We will be a week late getting August's food assistance funds, if we're lucky. Our state's end of the paperwork is running "at least" 30 days behind. Even though my paperwork was sent in before the deadline, we have to wait until we can be processed. I am glad we are into diy food. I know a lot of people just scrape by at the end of the month (it's scrounging time here). We still have a lot of beans in the pantry, a half gallon of maple syrup, food ripening in the garden, plus we have no shame in eating weeds. Although my daughter won't eat "real" food, we have enough money to afford a week of food for her from our limited cash.

Medical care is... ridiculous. We get free medical care from the medical card, but hardly anyone accepts the card. Sick as can be? It's a two-week wait for an appointment at the clinic. The ER has to accept you, though. Good thing we're rarely sick.

I called the clinic today to make dentist appointments for us all, but they only take appointments on Fridays. In fact, they don't take phone appointments, but only make appointments in person on Fridays. The receptionist told me they get about 200 phone calls per hour on Fridays, and they're too busy taking appointments for people who are in the office to answer the phone. I guess I will go back to not worrying too much about my professional dental care. I think there may be a need for dentists for low-income people--maybe we can convince Fidel's little brother to send some Cuban dentists to America.

This is just one of those frustrating and annoying things that start me complaining. Yes, I know, I can always just quit applying for welfare and my troubles will be over. Believe me, I'm counting on it, especially as the relying on the state becomes less and less a certainty. Sometimes I think welfare is about the only reason poor people en masse put up with this way of life, living in civilization, with its reinforcing feedback loops of the rich getting richer while the poor get poorer. Community, self-reliance, yeah, those sound much nicer than asshole bureaucracy at the brink of collapse.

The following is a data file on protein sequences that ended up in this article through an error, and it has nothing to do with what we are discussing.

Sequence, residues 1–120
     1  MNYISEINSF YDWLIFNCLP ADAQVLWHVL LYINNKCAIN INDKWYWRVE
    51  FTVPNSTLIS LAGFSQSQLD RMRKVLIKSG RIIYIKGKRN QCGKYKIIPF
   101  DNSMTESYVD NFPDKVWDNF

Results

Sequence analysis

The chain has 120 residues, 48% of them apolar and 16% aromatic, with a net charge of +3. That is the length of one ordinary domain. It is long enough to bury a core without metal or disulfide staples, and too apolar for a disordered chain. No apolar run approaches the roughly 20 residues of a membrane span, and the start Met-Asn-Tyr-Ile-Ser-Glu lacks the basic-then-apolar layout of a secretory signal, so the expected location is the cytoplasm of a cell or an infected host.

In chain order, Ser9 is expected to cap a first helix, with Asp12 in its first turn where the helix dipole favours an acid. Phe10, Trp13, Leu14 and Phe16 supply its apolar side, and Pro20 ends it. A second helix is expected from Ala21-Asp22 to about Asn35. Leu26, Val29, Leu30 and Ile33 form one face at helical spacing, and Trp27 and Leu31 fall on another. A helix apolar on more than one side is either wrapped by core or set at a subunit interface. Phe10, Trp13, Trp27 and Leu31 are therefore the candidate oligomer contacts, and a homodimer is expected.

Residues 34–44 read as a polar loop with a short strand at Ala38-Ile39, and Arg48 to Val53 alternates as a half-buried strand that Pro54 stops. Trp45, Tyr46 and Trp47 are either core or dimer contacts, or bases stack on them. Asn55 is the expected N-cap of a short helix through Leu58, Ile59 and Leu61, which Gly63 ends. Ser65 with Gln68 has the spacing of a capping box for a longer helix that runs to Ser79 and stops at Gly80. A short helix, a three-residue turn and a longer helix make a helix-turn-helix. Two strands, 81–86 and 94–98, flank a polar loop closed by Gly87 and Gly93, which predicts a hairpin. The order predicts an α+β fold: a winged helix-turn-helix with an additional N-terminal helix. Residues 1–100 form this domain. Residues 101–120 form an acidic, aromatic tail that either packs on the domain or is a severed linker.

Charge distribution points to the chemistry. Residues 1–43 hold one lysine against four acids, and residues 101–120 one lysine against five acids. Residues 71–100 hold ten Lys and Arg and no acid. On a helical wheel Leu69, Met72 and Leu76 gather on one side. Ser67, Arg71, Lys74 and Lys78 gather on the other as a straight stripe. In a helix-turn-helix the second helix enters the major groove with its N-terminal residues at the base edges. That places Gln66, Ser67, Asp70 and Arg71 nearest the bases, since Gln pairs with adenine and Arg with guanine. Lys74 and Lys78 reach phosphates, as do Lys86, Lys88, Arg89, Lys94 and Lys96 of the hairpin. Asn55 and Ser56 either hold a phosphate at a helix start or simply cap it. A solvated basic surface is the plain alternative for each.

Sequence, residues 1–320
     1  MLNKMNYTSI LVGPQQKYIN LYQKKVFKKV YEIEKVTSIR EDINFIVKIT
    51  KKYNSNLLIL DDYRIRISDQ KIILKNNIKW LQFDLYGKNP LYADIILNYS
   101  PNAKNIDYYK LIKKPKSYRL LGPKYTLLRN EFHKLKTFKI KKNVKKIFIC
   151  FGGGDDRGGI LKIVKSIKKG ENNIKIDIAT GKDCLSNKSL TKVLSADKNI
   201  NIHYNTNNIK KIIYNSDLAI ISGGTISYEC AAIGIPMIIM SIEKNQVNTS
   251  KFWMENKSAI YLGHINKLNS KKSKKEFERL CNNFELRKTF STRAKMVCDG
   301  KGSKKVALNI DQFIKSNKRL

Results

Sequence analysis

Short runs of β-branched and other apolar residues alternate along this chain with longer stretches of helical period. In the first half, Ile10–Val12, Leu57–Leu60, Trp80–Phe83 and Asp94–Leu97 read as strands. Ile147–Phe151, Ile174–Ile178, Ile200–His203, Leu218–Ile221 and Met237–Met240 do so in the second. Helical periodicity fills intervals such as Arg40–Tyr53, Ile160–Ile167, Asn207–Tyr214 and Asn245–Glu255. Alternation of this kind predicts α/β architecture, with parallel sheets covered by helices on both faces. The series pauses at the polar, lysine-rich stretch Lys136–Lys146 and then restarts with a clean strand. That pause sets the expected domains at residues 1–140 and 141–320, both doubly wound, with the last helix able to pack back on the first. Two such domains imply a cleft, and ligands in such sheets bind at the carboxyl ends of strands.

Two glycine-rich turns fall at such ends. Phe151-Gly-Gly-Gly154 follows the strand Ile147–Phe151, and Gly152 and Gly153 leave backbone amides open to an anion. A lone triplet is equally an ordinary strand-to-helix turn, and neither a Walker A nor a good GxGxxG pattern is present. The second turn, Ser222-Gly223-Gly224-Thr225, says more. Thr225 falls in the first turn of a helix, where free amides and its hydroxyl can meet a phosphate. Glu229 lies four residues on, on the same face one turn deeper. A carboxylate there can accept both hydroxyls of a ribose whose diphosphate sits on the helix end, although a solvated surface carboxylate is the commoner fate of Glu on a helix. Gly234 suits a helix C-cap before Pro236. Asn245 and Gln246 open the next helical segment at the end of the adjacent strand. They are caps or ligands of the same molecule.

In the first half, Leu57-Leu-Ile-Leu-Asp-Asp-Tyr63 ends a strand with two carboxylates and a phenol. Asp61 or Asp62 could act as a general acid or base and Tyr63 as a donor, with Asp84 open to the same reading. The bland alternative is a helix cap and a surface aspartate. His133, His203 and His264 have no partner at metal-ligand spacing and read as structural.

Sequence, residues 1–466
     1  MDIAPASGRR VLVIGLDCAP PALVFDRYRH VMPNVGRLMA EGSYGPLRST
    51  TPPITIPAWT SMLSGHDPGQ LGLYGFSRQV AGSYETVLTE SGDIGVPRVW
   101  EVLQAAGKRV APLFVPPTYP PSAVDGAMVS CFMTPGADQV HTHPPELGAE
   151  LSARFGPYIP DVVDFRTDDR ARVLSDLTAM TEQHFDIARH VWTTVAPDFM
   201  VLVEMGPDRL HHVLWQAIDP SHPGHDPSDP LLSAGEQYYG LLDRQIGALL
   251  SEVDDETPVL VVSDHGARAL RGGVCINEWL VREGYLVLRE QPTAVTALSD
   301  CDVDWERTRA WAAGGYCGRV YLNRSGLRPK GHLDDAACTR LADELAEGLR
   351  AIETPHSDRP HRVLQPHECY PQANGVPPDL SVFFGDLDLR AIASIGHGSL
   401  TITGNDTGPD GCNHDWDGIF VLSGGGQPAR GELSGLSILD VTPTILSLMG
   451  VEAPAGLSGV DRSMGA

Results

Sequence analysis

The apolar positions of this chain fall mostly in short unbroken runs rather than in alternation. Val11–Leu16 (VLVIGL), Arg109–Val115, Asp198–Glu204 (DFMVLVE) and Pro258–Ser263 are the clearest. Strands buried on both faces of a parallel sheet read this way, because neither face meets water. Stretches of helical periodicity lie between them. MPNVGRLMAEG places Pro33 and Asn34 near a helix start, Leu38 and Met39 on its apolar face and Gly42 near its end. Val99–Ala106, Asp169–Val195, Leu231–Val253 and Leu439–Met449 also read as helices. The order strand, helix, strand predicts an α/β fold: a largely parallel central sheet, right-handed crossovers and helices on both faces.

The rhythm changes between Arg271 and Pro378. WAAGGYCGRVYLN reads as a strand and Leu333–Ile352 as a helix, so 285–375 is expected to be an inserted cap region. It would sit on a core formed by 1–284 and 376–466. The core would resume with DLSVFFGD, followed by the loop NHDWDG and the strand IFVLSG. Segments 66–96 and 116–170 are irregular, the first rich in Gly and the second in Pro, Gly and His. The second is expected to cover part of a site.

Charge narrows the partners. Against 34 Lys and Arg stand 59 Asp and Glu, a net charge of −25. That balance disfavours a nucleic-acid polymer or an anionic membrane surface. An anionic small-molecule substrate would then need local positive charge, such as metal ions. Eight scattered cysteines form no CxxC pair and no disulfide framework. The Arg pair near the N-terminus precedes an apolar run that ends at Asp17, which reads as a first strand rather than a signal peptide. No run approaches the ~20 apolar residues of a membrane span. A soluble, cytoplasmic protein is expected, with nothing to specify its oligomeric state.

Monday, July 28, 2008


The US debt is now $9.5 trillion, or $31,500 for every man, woman & child in our country. This was as of April 2008, and I just read that we have another half billion now to add to it. I don't even know what 9 trillion means--all the dandelions in Sangamon County? in Illinois? It's so vast. Definitely not a number for someone whose household earns yearly $3000 per capita. Even 3000 is a huge number--all that wasted paper & the time it took to acquire it.

I wonder what our government would look like if it lived within its means. I imagine there'd be no war, much less military, much less pork, maybe even less money lost through the pentagon's red tape. Maybe we'd build places worth caring about rather than giant concrete boxes (tombs). Maybe they'd encourage us to garden instead of shop, and care about each other rather than watch tv.

I've been reading a great Curtis White book, The Spirit of Disobedience. I love it. It blew my mind, although I don't think I learned of any new concepts or ideas. It was great to see all in one place all the ideas that have been floating around my thinkisphere for daysmonthsyears now, all synthesized in one place with such frankness. Loved it. Felt like I had been to a really good sermon, and felt fired up & righteous. (But not that kind of righteous.)

We also listened to some sermons on YouTube from Brother James Howard Kunstler. That guy cracks me up with his snarky reality tunnel, his views on the car and modern architecture, the suburbs and our governments. I walked the streets of the city today thinking of myself in an outdoor room, and realizing walking when I felt comfortable and when I felt blech. Interesting research and experience. It's a quality of life issue I never much contemplated before.

It's hot in Illinois, but not really. Really it's July & it should be in the 90's every day, with 100 degrees every once in a while, just to make us really appreciate how cool 90 degrees feels. I have woken up wrapped in a blanket every morning this summer, except one. We got more rain last night. According to my cocorahs data collection efforts, it's rained about 33 inches this year, and our normal yearly average is about 37-38 inches. Everything is green and lush, the garden & the weeds. It's been crazy "abnormal" weather ever since I started gardening and paying attention. What gives? Is normal weather a hoax, or have we begun rapid climate destabilization like the scientists and economists are always raving about.